Rabobank points to renewed ‘agflation’

By Arabella Mileham

- Last updated on GMT

Rabobank points to renewed ‘agflation’

Related tags Middle east Agriculture Beef Lamb Livestock Pork Poultry

Global meat producers are facing immediate and significant feed cost increases, which will impact supply dynamics and lead to increased meat prices, a new report has warned.   

The report by Dutch bank Rabobank said that the world was entering another period of ‘agflation’, with very tight supplies of agricultural commodities pushing prices upwards. It claimed that meat and dairy prices were driving the price increase and warned that food prices might reach an all-time high next year as the effects of the “skyrocketing” a​gricultural commodity prices are felt.

It said: “The long production cycles of the animal protein and dairy industries will have lingering effects on global food prices as herds (especially cattle) take longer to rebuild – maintaining upward pressure on food prices. The full effect of this commodity price rally and the subsequent lower meat and milk output will be a multi-year rebuilding of herds, which will sustain high price levels of these products.”

Severe droughts across the key exporting countries – the USA, South America and Russia – have been the primary trigger for food price inflation, lowering expectations on global harvests, limiting supply and resulting in “critically low”​ stock levels. Intensive feeding crops such as corn and soybean have been particularly affected, with prices now at an all-time high. Meat processors and animal protein industries in particular will continue to see a squeeze on margins, with prices rising for consumers.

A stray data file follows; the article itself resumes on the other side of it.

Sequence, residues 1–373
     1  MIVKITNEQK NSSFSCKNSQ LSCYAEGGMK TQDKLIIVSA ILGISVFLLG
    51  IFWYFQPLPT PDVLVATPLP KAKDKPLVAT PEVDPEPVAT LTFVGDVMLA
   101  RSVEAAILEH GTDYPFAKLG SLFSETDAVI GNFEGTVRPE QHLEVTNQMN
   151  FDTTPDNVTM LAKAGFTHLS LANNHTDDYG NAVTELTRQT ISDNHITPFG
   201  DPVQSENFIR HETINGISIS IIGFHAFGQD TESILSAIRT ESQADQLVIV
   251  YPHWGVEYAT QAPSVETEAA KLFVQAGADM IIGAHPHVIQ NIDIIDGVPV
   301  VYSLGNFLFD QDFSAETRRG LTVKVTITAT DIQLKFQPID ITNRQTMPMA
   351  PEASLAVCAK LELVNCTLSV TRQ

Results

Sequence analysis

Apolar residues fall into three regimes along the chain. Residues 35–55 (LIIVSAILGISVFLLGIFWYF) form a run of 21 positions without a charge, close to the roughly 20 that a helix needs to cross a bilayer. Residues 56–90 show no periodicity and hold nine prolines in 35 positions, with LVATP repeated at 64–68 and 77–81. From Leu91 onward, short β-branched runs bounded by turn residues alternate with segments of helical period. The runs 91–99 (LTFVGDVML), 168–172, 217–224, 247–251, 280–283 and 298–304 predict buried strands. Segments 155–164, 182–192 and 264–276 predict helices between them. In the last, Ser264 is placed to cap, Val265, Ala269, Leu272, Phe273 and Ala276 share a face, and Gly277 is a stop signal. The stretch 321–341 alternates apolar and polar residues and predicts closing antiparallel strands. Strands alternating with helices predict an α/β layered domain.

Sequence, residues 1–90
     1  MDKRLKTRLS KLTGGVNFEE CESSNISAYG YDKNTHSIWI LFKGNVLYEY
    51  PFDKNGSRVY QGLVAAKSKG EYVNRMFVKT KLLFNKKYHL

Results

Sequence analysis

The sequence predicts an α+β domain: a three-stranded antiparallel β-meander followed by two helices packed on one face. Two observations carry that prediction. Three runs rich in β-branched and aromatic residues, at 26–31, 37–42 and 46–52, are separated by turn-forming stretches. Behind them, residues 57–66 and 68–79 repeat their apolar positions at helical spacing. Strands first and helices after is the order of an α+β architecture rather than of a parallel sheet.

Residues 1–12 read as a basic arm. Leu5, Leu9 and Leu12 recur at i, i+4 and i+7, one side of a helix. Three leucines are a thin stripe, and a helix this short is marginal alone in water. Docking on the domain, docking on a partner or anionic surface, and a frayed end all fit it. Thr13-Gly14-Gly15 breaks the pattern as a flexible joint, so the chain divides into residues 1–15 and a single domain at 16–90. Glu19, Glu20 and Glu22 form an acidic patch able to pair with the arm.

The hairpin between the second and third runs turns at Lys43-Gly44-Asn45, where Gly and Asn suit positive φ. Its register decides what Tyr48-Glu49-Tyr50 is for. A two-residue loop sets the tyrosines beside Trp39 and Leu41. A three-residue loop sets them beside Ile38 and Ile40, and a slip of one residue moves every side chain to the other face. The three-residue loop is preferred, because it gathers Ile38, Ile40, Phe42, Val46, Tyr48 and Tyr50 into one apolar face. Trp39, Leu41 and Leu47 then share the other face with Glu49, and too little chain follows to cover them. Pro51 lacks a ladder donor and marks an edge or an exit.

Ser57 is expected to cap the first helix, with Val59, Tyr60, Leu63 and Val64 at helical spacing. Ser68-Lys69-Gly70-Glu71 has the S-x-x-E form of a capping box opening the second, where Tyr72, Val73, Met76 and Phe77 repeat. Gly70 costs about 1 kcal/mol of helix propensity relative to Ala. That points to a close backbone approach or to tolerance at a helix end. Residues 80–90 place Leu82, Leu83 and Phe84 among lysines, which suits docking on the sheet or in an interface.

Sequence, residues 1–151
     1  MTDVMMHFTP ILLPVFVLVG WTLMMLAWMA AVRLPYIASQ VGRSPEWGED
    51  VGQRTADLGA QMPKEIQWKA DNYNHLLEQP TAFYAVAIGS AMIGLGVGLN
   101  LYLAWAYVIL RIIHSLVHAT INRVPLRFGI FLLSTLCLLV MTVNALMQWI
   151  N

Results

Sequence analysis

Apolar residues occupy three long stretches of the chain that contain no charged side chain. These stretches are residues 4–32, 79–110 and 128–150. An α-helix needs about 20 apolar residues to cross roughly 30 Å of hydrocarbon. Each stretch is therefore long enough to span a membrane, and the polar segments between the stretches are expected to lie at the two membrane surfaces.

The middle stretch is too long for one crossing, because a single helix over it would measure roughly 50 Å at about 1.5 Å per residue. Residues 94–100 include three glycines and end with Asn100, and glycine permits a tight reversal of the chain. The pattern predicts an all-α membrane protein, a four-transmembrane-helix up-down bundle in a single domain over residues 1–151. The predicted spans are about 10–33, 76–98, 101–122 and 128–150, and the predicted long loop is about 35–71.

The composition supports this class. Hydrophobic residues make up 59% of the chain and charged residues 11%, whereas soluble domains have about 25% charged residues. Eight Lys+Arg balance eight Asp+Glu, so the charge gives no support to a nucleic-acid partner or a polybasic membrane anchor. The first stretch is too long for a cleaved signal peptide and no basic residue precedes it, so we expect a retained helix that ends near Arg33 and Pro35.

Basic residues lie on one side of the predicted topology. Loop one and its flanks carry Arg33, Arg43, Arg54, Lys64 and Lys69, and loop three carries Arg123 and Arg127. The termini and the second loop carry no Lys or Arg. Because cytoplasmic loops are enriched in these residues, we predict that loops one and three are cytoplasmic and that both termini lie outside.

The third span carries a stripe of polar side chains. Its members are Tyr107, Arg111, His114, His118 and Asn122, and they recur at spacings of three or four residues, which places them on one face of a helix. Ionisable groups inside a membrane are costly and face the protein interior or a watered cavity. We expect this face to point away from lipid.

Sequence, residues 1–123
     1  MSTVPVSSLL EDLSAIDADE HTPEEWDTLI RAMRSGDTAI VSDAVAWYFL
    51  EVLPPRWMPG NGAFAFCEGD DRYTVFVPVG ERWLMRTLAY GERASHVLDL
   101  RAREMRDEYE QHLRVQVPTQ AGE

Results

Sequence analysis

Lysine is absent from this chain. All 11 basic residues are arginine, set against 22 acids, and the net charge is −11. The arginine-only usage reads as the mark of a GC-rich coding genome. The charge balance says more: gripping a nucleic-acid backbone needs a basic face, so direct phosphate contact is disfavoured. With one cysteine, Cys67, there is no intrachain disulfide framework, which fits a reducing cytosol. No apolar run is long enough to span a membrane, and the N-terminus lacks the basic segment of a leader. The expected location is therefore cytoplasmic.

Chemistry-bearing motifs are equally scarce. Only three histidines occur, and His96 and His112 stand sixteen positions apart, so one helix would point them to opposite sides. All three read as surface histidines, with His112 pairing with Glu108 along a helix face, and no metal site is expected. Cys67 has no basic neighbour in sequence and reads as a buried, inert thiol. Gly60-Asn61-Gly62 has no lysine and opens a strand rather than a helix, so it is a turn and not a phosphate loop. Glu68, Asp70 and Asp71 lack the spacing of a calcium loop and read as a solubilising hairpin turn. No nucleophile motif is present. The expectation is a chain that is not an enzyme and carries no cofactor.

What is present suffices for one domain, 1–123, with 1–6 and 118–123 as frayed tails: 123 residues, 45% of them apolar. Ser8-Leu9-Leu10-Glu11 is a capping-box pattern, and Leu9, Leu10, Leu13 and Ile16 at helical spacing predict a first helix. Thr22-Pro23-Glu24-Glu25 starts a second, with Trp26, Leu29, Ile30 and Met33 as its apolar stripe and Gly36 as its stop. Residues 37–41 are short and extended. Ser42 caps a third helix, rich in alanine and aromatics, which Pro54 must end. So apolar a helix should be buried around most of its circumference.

The report said that increased slaughter rates are likely to increase meat supply in the short term and depress prices, but that declining global herds would drive down production and further tighten supply in the medium to long term.

It said: “We expect lower margins will shift the supply of animal protein to a lower base, a bullish longer-term scenario that could result in diminished herds as economic growth and demand increases.”

Slow down in demand

Demand for meat in emerging markets will be more affected by rising prices, and demand from Asia, the Middle East and North Africa is likely to slow down, the report said, but the longer-term consequences of price rises could be most visible in Europe, while Chinese consumers were likely to have increasing costs muted by the government. Although consumption in the US is unlikely to drop, exports of US beef are predicted to fall off as a result of high prices that US exporters demand.

The report said that although grain and oilseed stocks are expected to rally, commodity price are expected to remain elevated for another year.

Luke Chandler, global head of agri commodity markets research at Rabobank, said: “The impact on the poorest consumers should be reduced this time around, as purchasers are able to switch consumption from animal protein back towards staple grains like rice and wheat. These commodities are currently 30% cheaper than their 2008 peaks.

“Nonetheless, price rises are likely to stall the long-term trend towards higher protein diets in Asia, the Middle East and North Africa. In developed economies – especially the US and Europe – where meat and corn price elasticity is low, the knock-on effect of high grain prices will be felt for some time to come.”

The report warned that fears for food security could provoke government intervention, like that seen in 2008. It warned of the counter-productivity of commodity stockpiling as this could potentially increase price volatility.

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